On October 17th, IPI co-hosted a policy forum with Peace Direct to explore how the United Nations and the international community can better support local peacebuilders in their work of sustaining peace.
Lesley Connolly, IPI Policy Analyst and moderator for the event, opened the discussion with a clear statement of its purpose. “We believe local peacebuilders should be at the center and in the lead when it comes to sustaining peace in their societies,” she said. “Initiatives should be locally owned, regionally anchored and internationally supported.”
“Unfortunately, local peacebuilding does not yet receive the recognition, support, or resources needed to achieve its full potential.”
Making similar observations, Bridget Moix, US Senior Representative for Peace Direct, stressed the strategic and financial advantages of empowering local peacebuilders to take ownership of the sustaining peace agenda and noted the missed opportunity in keeping them sidelined.
“Their work is impactful, scalable, cost-effective, and sustainable. We’ve seen this directly and there’s a growing body of empirical evidence that supports it. Unfortunately,” she said, “local peacebuilders are still not at the center of the design and development of agendas like sustaining peace here at the UN.”
The concept of sustaining peace, formalized in resolutions passed concurrently by the UN General Assembly and Security Council on April 27, 2016 marks a watershed shift in the understanding of peacebuilding, away from post-conflict security and toward a more holistic, common vision for society aimed at the prevention and recurrence of conflict. In the leadup to a high-level event on sustaining peace in practice set for April 2018, a number of peacebuilding actors at UN headquarters have been working to unpack what sustaining peace means in practice and show why it is vital to ensuring long-term peace, development, and prosperity.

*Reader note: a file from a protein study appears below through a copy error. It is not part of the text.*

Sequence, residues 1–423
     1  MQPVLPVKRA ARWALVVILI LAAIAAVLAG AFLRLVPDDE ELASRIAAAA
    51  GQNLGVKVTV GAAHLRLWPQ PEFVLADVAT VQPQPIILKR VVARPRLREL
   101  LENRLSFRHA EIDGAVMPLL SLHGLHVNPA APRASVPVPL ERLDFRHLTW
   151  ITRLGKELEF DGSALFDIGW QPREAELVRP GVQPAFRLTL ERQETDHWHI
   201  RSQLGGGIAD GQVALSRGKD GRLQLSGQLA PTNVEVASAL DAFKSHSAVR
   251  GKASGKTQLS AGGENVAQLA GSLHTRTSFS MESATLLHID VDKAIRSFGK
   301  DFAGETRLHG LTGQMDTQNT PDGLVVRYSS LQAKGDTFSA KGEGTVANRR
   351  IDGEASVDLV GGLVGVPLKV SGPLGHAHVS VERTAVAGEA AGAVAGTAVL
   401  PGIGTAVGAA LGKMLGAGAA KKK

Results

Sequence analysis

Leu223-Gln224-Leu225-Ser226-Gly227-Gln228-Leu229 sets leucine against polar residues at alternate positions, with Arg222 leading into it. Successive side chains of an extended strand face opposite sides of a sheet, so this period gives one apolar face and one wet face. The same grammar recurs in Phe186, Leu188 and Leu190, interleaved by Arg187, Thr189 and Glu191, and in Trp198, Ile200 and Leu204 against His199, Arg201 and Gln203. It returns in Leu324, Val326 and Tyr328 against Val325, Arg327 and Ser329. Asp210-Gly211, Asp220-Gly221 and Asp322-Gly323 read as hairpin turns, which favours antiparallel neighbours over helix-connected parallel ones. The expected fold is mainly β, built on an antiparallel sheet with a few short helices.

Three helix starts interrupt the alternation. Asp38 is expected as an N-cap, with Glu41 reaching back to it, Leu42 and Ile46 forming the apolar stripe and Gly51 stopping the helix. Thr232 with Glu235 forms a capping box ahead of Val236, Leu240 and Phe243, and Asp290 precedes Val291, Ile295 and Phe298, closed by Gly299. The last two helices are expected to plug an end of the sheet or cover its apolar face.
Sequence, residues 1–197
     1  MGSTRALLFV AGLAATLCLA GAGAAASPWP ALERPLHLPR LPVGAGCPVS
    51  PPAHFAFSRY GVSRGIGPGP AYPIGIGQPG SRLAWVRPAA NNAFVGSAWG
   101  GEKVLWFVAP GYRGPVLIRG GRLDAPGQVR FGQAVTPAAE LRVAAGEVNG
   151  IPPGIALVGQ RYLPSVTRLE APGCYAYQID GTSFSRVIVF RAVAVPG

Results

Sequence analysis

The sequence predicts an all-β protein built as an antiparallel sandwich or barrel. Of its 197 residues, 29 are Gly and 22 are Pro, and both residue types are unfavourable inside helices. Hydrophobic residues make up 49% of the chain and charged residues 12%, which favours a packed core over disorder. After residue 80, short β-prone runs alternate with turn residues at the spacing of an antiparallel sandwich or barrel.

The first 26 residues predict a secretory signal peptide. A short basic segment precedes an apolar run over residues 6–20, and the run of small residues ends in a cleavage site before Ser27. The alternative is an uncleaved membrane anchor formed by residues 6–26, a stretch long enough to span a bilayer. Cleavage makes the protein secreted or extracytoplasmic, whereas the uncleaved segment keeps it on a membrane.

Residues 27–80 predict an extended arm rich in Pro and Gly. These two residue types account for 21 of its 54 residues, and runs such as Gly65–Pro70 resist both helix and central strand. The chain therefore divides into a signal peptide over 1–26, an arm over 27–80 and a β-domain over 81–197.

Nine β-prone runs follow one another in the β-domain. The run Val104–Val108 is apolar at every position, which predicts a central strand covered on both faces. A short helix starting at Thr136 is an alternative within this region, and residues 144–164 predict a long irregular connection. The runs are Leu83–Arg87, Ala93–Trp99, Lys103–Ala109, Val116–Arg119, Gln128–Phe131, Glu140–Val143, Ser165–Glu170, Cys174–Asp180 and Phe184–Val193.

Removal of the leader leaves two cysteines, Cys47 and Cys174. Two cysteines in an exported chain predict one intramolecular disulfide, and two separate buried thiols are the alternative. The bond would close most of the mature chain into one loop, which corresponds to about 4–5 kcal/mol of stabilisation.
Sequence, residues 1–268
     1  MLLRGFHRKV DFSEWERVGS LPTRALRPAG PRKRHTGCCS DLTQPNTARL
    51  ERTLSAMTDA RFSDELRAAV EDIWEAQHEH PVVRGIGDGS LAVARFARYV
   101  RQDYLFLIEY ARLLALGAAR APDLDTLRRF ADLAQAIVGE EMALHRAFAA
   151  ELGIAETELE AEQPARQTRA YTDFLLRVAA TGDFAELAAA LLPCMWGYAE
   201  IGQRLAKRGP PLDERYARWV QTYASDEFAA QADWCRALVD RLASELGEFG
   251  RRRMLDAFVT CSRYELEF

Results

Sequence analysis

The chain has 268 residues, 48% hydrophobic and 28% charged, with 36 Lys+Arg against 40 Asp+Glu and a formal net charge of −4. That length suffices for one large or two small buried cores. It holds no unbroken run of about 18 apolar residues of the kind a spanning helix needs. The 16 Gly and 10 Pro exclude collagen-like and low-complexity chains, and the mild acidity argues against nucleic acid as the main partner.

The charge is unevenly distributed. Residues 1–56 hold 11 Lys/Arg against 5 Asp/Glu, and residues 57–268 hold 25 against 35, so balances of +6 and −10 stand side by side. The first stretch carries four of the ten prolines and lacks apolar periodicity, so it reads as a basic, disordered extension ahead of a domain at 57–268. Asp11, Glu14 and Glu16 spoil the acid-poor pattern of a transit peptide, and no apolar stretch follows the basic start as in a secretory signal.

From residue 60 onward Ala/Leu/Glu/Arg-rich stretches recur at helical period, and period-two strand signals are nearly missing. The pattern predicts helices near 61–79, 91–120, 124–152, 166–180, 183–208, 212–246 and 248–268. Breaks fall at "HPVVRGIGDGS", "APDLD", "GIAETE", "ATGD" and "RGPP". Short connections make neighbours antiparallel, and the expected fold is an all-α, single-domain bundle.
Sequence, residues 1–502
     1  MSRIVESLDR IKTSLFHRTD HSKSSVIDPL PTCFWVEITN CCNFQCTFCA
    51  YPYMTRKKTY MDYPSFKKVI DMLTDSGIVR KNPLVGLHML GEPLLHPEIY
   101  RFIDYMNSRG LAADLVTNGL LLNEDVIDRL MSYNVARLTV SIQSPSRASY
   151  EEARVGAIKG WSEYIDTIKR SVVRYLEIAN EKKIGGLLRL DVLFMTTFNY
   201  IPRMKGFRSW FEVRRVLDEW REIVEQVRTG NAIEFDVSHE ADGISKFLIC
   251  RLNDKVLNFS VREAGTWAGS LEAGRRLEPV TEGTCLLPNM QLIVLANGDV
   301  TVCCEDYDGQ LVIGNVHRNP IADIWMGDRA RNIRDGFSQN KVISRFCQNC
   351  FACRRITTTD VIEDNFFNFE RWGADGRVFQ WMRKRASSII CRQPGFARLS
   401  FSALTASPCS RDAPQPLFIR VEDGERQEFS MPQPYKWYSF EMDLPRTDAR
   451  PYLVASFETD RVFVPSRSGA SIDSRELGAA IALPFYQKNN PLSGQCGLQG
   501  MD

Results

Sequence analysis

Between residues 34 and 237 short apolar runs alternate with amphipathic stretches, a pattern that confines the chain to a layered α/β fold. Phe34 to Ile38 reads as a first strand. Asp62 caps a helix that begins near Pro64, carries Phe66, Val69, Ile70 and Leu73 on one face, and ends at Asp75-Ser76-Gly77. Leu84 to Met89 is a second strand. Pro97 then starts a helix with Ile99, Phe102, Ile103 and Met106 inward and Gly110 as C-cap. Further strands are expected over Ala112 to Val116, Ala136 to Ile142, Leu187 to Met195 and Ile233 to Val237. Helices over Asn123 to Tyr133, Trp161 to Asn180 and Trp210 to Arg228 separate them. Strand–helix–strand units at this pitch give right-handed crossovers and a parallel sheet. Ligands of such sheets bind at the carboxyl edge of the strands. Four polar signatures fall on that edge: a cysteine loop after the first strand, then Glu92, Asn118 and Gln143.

Last June, IPI and Peace Direct conducted an informal survey with forty respondents from 22 countries in four regions to hear their views on sustaining peace and the work of the UN. The results showed that 59 percent of respondents had heard of Sustaining Peace 80 percent of respondents viewed Sustainable Development Goal 16, which advocates for a comprehensive approach to peace and development, as most relevant to their work; followed by promoting gender equality at 76 percent and reducing inequality at 66 percent.
Three gaps in peacebuilding were identified in the survey:
- A recognition gap: Local communities are often undervalued by UN interventions
- A resource gap: 32 percent of respondents said that a lack of funds is the biggest challenge to sustaining peace
- A solutions gap: Practical solutions offered by local civil society are often disregarded
Michael Olufemi Sodipo, Project Coordinator at the Nigeria-based Peace Initiative Network, focused on the centrality of education in the prevention of armed conflict, emphasizing that 5 million young boys in Nigeria are out of school, and vulnerable to recruitment by armed groups.
He said that local peacebuilders know the obstacles to peace because they endure them every day. “We want you to engage local communities who know the issues and can come up with tangible solutions,’ he said, “not bringing a template from the US or UK for projects. Let us be the decision makers, implementing programs and also deciding which programs we are bringing.”
One of the Peace Initiative Network’s most potent tools to bridge the divides among young people, he stated, is football– a rare universal passion in a country with countless religions, ethnicities, and languages.